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3 Reasons the Biblical Story Requires a Focus on Israel

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While many believers in Messiah are hesitant to think of the Bible as a work of literature, we cannot deny that a large portion of the books comprising the Bible contain narrative, relating key events and figures that are pivotal to the overall story of redemption conveyed by the Bible as a whole.

Because many of us see the Bible as the sum of its parts, it is difficult to see the bigger story being told--like putting together a jigsaw puzzle without seeing what the full picture looks like. Many who try to summarize the bigger story tend to lean on the pattern of breaking the Bible narrative into four parts: Creation, Fall, Redemption, and Restoration.

While this type of summary may work for evangelism, it is important that believers in Messiah move beyond the basics and explore the deeper narrative put forth in scripture. If we want to understand the Bible as a complete work, it is important to focus on the story it tells about God’s chosen people, the nation of Israel. Here are three reasons why:

  1. God made a covenant with Abraham

The covenant between God and Abraham marks a major shift in the overall story. Humanity falls in Genesis chapter 3, and nine chapters later God promises to make Abraham into a great nation, that His descendants would live in the land He promised to them, and that all nations will be blessed through him. This last part is further clarified in Genesis 22, when God says to Abraham, “In your seed all the nations of the earth shall be blessed, because you have obeyed My voice” ( NASB). With this covenant we begin to see the redemption story unfold, and Messiah is the ultimate fulfillment of Abraham’s seed. The focus shifts from our fallen state to the promises of God--and we learn that God always keeps His promises.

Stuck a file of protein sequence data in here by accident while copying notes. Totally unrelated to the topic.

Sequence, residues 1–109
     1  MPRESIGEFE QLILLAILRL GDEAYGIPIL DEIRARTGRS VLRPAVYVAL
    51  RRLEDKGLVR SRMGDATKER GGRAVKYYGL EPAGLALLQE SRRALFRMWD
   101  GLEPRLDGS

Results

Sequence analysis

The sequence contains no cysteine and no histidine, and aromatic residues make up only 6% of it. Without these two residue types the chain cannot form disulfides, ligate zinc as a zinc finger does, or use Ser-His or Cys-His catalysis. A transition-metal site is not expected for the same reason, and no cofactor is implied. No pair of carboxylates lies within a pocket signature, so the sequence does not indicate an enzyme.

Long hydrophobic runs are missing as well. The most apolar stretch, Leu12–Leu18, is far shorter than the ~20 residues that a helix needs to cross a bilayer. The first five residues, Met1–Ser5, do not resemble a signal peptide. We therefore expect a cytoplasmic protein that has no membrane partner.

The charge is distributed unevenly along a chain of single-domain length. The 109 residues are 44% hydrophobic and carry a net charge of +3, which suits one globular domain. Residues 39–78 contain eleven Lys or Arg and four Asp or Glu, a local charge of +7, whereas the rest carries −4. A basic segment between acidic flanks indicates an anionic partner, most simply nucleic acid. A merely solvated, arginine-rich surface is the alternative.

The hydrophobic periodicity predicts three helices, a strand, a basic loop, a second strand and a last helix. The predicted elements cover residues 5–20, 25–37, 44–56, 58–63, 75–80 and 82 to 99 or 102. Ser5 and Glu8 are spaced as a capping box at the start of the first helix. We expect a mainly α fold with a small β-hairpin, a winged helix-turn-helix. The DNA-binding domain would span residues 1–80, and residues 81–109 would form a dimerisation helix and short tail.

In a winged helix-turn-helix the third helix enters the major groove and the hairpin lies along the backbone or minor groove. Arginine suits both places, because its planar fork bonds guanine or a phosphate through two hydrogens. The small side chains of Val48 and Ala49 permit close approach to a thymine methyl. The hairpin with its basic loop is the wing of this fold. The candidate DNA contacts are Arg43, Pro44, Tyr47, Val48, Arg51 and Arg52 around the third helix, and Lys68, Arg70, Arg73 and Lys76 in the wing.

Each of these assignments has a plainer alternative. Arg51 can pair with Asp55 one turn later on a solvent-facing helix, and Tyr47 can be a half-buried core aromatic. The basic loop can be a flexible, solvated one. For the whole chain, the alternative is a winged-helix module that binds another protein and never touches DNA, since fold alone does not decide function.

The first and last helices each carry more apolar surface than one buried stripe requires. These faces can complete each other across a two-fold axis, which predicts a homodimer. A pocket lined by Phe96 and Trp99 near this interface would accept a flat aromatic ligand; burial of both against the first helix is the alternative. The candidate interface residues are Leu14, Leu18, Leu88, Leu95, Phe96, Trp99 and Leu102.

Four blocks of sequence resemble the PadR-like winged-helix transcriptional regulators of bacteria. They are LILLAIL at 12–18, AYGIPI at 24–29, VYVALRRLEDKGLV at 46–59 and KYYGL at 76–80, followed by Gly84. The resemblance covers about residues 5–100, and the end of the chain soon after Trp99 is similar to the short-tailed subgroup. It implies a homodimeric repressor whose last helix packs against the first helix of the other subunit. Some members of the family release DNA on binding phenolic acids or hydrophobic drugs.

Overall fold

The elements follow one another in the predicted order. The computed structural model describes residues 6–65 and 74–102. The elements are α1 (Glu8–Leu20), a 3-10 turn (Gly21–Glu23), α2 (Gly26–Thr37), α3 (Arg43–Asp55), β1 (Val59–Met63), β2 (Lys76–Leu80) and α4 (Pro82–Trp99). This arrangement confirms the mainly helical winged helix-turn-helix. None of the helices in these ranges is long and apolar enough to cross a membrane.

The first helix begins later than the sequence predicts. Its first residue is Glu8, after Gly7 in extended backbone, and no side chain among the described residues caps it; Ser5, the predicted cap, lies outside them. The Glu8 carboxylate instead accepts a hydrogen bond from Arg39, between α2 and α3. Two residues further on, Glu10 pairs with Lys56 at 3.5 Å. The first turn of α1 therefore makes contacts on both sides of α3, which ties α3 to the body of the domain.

1. Israel is the main character in the Bible

If we remove Israel from our conversations about scripture, then we ignore the covenants that God made with her which impact all nations. In fact, 70 percent of the times the word “covenant” is mentioned in the Bible, it is linked to Israel. Israel is the setting for most of the Bible’s key narrative events, including the birth of Messiah and the giving of God’s Spirit. Israel also plays a key role in end times prophecy, and when Messiah returns He will reign from Israel in Jerusalem.

  1. Yeshua (Jesus) was and is the Jewish Messiah

Yeshua has fulfilled many of the covenants made between God and Israel. Most noteworthy are the Abrahamic and Davidic covenants, since He was descended from Abraham and was from the line of King David. The remaining covenants that have yet to be fulfilled are God’s promises to Israel concerning her land, forgiveness, and King, and these will be fulfilled when Israel embraces Yeshua as their Messiah. When Messiah returns, He will unite the Gentile believers who have been spiritually grafted in to Israel with the Jewish believers who already belong to Israel ( (NASB), (NASB)).

It is easy to see the Bible through a highly personalized lens, but we must remember that the scope of the story is so much bigger than just us as individuals. God has blessed all nations through one small nation, and the overall story of the Bible demonstrates God’s instruction and love for all us through His dealings, covenants, and His love for Israel. As Moses said in (NASB), “The Lord did not set His love on you nor choose you because you were more in number than any of the peoples, for you were the fewest of all peoples, but because the Lord loved you and kept the oath which He swore to your forefathers….” To truly understand the fullness of the Bible story, it is essential to see it with a focus on Israel.

Adapted from Mark Yarbrough's contribution to the book Israel, the Church, and the Middle East: A Biblical Response to the Current Conflict, copyright © April 2018 Kregel Publications. Used with permission.

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About The Author


Mark Yarbrough, Ph.D., is the Vice President for Academic Affairs, Academic Dean, and Associate Professor of Bible Exposition at Dallas Theological Seminary. He has been published in various magazines, and has written “Paul’s Utilization of Preformed Traditions” and “How to Read the Bible Like a Seminary Professor.” He also contributed to the book, Israel, the Church, and the Middle East: A Biblical Response to the Current Conflict, from which this article was adapted. Dr. Yarbrough is a member of the Alliance for the Peace of Jerusalem, which seeks to educate individuals, especially the next